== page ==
Hello, Frank Indiviglio here. Captive insect-eating reptiles and amphibians (and perhaps invertebrates) are often plagued by nutritional deficiencies. A highly-varied diet is a great way to ensure adequate nutrition, but most keepers have access to only a few feeder-insect species; gut-loading (providing nutritious diets to feeders) is helpful, but detailed studies are lacking. While touring several Japanese zoos a few years ago, I was intrigued by the number of cricket species being bred as herp food, and resolved to investigate the species and diets I saw in greater detail. A recent article in Zoo Biology (2011, V. 30), which provides insights into carotenoid supplementation in three different cricket species, has re-sparked my interest. I’ll summarize below.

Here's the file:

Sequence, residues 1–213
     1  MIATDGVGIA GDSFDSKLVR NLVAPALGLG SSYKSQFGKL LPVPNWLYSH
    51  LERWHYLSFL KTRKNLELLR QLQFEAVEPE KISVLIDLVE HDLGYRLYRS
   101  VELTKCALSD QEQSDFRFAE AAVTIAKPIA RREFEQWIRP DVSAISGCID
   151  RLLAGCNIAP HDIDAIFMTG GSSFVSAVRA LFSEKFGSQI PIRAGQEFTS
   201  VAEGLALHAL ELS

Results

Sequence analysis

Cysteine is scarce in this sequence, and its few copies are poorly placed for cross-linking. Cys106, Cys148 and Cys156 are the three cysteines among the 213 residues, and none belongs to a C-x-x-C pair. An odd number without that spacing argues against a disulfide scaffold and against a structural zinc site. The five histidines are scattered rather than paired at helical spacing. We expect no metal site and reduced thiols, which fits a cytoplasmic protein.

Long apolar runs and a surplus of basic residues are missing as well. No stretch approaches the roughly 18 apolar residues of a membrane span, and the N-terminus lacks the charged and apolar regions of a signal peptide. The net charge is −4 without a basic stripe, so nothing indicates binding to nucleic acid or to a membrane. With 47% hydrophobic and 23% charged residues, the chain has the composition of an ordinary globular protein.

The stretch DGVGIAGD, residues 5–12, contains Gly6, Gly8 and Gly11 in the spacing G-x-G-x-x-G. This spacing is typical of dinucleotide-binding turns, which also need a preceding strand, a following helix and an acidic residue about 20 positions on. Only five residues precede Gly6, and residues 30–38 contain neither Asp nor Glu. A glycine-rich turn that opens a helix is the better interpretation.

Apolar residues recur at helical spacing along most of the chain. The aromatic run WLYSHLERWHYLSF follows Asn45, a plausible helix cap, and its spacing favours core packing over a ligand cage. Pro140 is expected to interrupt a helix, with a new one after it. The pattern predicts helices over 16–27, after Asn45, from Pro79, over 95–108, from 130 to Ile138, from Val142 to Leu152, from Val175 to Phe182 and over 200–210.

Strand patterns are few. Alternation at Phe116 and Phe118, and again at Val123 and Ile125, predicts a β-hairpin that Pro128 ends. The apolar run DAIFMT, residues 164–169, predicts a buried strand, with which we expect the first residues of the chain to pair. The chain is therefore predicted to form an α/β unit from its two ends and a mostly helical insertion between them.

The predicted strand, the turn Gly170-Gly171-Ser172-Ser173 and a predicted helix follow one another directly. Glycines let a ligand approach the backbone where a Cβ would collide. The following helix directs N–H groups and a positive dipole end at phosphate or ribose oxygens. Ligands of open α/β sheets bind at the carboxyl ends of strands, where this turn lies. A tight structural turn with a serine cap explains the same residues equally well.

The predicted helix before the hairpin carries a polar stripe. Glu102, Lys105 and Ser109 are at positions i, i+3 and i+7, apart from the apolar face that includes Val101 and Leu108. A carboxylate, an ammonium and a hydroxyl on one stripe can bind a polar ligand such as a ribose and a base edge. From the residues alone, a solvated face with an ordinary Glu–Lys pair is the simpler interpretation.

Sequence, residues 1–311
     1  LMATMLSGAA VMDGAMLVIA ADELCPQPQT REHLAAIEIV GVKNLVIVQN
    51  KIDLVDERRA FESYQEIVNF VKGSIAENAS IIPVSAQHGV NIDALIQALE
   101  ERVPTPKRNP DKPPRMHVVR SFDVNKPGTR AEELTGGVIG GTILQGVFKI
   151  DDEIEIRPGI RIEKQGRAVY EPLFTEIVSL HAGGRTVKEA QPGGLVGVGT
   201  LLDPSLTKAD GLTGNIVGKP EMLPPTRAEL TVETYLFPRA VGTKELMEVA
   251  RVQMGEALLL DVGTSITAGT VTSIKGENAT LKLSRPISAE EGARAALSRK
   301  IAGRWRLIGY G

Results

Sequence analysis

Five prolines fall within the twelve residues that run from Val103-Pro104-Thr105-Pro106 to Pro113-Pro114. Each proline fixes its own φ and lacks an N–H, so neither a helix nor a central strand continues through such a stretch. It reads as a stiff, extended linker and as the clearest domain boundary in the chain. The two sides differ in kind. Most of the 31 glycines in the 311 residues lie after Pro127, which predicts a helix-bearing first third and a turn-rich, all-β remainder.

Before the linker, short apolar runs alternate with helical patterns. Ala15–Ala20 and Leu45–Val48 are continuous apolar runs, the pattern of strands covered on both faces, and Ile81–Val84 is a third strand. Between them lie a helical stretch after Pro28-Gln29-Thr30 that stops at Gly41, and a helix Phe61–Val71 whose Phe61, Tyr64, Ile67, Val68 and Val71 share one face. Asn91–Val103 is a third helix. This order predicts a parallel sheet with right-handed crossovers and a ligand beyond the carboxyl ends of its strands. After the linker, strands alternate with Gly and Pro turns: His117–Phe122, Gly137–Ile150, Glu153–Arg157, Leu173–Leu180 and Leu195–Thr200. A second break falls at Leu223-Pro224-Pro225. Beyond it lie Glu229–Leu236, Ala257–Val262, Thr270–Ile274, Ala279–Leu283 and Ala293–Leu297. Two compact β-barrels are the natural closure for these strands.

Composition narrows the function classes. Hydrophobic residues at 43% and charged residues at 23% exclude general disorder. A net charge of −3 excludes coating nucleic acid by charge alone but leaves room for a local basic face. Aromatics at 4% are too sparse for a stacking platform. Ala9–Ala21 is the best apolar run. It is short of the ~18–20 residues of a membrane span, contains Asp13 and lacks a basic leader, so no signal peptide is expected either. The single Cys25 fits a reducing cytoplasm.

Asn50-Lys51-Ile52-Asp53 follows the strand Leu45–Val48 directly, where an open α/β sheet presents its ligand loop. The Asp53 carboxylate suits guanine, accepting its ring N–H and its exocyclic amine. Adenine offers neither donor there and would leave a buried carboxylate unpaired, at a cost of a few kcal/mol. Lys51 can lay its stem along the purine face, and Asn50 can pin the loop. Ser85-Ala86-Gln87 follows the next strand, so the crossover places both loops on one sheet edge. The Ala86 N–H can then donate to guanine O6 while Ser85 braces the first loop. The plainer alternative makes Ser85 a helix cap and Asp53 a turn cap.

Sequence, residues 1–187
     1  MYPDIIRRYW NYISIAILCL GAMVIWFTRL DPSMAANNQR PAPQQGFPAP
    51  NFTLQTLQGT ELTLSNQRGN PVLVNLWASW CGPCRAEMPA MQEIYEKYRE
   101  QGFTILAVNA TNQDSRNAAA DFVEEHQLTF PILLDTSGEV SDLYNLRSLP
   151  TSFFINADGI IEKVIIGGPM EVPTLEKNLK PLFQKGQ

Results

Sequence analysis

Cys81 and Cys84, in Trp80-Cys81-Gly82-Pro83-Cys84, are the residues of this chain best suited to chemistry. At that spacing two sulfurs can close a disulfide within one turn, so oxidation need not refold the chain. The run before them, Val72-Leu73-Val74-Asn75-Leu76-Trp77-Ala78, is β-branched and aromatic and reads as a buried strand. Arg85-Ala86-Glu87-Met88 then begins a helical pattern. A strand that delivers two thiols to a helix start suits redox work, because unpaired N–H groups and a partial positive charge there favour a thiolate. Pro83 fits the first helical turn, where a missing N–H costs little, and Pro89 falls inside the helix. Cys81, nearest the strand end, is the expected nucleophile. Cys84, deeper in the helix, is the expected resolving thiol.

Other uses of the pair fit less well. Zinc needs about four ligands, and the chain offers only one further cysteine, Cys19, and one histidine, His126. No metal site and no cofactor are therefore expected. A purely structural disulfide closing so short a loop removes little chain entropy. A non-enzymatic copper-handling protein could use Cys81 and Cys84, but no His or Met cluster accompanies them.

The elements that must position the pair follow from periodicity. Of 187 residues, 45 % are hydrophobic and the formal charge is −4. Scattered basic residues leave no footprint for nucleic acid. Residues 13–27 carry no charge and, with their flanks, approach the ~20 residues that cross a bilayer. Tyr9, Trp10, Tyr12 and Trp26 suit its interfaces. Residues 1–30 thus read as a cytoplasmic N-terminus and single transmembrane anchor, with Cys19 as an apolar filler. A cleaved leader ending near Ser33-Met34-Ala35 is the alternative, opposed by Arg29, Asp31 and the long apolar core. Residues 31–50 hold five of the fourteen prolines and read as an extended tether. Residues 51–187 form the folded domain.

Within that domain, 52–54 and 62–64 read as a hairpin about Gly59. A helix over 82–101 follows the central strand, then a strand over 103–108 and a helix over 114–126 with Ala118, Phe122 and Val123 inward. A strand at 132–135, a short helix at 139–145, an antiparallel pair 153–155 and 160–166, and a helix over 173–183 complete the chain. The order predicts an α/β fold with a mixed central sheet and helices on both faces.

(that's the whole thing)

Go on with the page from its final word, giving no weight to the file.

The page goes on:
Carotenoids are pigments that occur in plants. Animals, as far as is known, cannot manufacture carotenoids but rather must obtain them through their diet.
Carotenoids benefit the immune system by acting as antioxidants, function in the reproductive and other systems, and are believed partially responsible for the health benefits enjoyed by people who regularly consume fruits and vegetables. We know little of their role in reptile and amphibian health, but many zoo nutritionists believe them to be important. Read More »